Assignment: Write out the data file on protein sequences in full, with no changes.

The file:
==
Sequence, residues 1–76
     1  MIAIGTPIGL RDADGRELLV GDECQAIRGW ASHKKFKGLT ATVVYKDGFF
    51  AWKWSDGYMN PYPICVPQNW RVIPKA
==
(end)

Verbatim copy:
Sequence, residues 1–76
     1  MIAIGTPIGL RDADGRELLV GDECQAIRGW ASHKKFKGLT ATVVYKDGFF
    51  AWKWSDGYMN PYPICVPQNW RVIPKA